Galaxy S5 Fingerprint Scanner Hacked With Similar iPhone 5S Hack

Galaxy S5 Fingerprint Scanner Hacked With Similar iPhone 5S Hack
webandi / Pixabay

Security researchers from SRLabs in Germany posted a video on YouTube showing how they were able to hack into the Galaxy S5’s fingerprint scanner. They used wood glue to create a mold of a fingerprint which was able to fool the scanner into thinking they had used a real fingerprint.

Play Quizzes 4

How the Galaxy S5 hack works

This is the same method they used to hack the iPhone 5S Touch ID fingerprint scanner, indicating that this technology leaves much to be desired—no matter which company is making the fingerprint scanner. The researchers used a picture of a hidden print on the screen of the Galaxy S5 to make the mold of the fingerprint and were able to even use it when the smartphone was turned off.

Is First Gen An Overlooked Power Play That Deserves A Re-Rating?

environmental 1651092002The post was originally published here. Highlights: Resolving gas supply issues ensures longevity A pioneer in renewable energy should be future proof Undemanding valuation could lead to re-rating Q1 2022 hedge fund letters, conferences and more

In order to photograph the hidden print on the Galaxy S5, researchers used magnesium powder to light them up.

Galaxy S5 fingerprint hack provides open access

What may be most concerning is that the fake fingerprint not only provided access to the owner’s Galaxy S5, but also bank accounts and the user’s PayPal account. By simply swiping the fake fingerprint, they were able to log into the owner’s PayPal account without even having to enter in a password. Once logged into the PayPal app on the Galaxy S5, the hacker was able to do anything he wanted, including make purchases and even withdrawing money and send it to his own bank account.

This does differ than the Touch ID sensor on the iPhone 5S, however, because Apple Inc. (NASDAQ:AAPL) has currently restricted use of the scanner to unlocking the phone rather than using it for payments, although that functionality is believed to be coming, possibly in the iPhone 6 this year.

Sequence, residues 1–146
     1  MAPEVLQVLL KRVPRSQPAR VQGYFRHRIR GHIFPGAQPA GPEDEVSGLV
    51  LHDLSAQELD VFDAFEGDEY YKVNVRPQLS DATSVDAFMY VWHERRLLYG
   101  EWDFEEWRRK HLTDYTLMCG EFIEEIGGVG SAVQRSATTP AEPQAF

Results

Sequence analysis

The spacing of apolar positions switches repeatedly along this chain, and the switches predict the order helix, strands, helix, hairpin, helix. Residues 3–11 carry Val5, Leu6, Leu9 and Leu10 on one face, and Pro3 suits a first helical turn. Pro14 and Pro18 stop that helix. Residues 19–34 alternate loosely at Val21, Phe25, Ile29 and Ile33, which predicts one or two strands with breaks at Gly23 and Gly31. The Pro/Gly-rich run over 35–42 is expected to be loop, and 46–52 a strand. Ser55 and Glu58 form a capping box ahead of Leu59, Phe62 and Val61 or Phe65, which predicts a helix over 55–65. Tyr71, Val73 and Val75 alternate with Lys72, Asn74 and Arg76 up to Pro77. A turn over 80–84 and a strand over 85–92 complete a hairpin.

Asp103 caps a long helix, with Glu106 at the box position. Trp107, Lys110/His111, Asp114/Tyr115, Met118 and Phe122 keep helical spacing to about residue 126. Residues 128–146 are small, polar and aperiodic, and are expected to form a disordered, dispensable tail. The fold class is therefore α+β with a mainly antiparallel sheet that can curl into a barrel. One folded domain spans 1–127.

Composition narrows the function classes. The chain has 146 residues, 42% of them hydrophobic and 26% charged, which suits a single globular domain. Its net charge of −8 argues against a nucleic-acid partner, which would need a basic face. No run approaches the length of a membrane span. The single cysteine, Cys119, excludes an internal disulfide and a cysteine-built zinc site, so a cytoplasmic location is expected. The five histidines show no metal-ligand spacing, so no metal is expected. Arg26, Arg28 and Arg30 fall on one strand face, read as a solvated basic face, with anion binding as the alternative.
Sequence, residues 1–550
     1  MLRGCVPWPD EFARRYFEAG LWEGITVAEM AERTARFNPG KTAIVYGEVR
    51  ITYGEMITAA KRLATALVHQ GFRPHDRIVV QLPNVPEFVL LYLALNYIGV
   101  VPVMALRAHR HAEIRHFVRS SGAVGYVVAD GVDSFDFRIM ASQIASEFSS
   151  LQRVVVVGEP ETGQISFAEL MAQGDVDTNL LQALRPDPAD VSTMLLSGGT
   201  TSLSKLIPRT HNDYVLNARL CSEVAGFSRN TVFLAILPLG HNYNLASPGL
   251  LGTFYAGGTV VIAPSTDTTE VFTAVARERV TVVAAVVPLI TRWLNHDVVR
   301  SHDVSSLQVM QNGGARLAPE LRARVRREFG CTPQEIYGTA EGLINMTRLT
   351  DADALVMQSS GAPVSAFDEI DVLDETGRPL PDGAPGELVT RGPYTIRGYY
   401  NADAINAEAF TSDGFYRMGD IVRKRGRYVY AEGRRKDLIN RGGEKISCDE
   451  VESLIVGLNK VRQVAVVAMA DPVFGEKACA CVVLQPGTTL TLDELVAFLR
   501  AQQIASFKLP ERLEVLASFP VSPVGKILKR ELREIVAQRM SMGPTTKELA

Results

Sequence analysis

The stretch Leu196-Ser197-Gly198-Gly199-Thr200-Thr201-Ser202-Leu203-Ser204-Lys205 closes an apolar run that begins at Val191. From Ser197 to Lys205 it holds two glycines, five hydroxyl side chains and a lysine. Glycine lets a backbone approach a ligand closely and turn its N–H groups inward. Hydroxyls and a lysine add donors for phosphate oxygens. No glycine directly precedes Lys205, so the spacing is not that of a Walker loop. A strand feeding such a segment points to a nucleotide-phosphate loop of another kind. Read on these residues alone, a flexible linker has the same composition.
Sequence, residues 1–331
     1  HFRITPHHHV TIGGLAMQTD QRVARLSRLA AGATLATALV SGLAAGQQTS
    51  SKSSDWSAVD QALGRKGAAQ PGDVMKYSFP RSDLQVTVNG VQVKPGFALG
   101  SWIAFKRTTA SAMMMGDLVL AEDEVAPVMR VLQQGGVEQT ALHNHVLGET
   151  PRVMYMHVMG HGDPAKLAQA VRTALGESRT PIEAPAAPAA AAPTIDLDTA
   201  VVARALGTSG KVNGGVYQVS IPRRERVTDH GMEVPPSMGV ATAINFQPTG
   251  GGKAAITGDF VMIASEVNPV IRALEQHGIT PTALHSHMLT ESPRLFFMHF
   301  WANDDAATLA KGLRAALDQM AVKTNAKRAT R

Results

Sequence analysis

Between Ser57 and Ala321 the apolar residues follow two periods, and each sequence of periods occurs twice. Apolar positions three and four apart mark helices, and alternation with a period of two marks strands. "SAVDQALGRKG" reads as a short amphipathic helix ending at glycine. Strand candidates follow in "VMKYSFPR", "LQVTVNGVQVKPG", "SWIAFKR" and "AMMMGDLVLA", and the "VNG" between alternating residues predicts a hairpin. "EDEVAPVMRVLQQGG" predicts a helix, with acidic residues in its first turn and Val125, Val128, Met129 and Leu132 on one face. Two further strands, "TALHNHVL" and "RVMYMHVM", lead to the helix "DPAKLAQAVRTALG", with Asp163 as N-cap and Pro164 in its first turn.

According to PC World, PayPal wasn’t too concerned about the vulnerability in the fingerprint scanner. The payment services provider said it doesn’t store or even access a user’s fingerprint. Instead, when the print is scanned, it unlocks a “secure cryptographic key” which simply replaces the password. PayPal said it can deactivate that key on a lost or stolen device, enabling users to create a new key.

The problem with fingerprint scanners

While many see the usage of fingerprint scanners as adding another layer of security, a big problem is that people can’t ever change their fingerprints. Once someone steals their prints, they can access anything the person users their print as a password for, whether it’s their Galaxy S5 or anything else. As a result, companies should be focusing on making fingerprints extremely hard to steal.

The vulnerability in the Galaxy S5’s fingerprint scanner probably won’t have much of an impact on sale of the handset, as the average consumer may not even be thinking about this type of thing.

Updated on

Michelle Jones is editor-in-chief for and has been with the site since 2012. Previously, she was a television news producer for eight years. She produced the morning news programs for the NBC affiliates in Evansville, Indiana and Huntsville, Alabama and spent a short time at the CBS affiliate in Huntsville. She has experience as a writer and public relations expert for a wide variety of businesses. Email her at
Previous article Yahoo! Inc. (YHOO) Analysts Split On Alibaba IPO Impact
Next article Ackman Critic John Hempton Admits Bad Call On Herbalife Ltd.

No posts to display